If the different forms of handling fish involve crowding, we follow a procedure describing how to carry out such activities.

We calculate a fish welfare score before and after treatment for all non-medicinal delousing. This provides us with documentation of the scope of the impact, and whether we have to take action to reduce the negative consequences.

 

In 2020, a number of projects have been implemented to improve fish health and fish welfare. These include:

Laksvel – Norwegian Seafood Research Fund (FHF) project: Development and evaluation of new method for routine welfare monitoring for salmon in Norwegian fish farms: https://www.fhf.no/prosjekter/prosjektbasen/901554/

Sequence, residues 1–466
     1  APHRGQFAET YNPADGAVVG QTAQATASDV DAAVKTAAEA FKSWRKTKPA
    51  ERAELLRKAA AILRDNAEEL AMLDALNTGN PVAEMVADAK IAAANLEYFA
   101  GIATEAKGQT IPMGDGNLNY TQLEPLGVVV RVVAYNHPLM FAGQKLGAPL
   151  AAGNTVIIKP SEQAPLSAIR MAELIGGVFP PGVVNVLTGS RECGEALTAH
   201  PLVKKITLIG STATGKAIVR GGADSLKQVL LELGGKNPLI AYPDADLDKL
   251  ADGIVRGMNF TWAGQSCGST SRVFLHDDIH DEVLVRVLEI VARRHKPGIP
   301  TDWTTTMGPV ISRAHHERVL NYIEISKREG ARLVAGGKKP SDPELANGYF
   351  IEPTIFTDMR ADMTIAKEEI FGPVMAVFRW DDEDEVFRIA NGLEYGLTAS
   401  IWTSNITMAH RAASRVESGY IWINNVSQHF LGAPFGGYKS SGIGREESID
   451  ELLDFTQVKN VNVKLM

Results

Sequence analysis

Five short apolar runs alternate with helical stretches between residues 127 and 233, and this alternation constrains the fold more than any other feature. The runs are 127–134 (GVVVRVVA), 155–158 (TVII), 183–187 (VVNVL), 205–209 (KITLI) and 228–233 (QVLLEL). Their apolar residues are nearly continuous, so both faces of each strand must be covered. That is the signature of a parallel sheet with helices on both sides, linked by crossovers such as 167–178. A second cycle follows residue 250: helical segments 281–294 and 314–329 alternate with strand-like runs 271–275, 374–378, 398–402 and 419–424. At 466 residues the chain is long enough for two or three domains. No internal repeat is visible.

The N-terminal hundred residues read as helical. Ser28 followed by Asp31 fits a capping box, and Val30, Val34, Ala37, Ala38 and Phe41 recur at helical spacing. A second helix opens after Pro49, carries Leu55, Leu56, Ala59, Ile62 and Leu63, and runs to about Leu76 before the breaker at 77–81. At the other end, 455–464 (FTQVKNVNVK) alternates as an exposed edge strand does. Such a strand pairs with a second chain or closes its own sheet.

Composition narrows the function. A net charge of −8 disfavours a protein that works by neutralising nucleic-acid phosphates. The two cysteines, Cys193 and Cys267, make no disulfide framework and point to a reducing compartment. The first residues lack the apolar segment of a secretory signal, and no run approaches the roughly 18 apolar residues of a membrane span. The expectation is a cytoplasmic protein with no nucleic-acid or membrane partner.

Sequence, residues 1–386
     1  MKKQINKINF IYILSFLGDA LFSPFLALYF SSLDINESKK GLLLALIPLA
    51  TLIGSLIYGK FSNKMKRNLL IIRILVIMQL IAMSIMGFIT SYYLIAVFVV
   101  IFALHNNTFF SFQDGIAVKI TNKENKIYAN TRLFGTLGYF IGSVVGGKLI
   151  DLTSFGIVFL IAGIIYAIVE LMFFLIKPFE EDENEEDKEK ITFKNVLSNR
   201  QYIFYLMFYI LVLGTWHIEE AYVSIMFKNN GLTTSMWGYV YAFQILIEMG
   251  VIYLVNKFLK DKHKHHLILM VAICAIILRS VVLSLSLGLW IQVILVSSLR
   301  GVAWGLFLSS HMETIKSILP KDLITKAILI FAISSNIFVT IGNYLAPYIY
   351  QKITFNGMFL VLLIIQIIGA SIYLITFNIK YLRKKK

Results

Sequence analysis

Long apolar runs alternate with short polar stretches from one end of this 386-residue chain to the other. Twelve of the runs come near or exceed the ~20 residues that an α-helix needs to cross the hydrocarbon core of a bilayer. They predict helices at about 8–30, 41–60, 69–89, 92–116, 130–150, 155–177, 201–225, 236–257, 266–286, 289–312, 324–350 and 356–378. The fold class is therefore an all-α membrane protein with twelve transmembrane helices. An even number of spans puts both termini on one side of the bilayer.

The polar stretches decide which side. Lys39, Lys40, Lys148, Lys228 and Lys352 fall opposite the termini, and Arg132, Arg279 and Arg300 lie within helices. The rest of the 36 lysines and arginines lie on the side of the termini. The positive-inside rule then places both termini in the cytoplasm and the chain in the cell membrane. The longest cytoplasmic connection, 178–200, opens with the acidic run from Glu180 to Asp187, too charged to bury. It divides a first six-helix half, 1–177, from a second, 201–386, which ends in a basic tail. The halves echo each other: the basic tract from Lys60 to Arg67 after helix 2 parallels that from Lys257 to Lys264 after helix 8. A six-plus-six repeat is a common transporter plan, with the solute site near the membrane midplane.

Gill project: The purpose of the project is to study gill agents in comparison with other production data. The purpose is also to study gill agents during one production cycle of fish at sea, and how status develops.

CMS project: In an attempt to reduce losses caused by CMS outbreaks, studies were conducted to find out whether an increased volume of EPA and DHA in salmon feed would improve CMS status for fish at two different localities. The hypothesis was that an increased amount of EPA and DHA in salmon feed may moderate the negative developments caused by CMS.

Wound project: The project's goal has been to identify risk factors relating to wound development on large fish and newly released fish, and to prepare a list of proposals for measures to reduce risk related to wound development.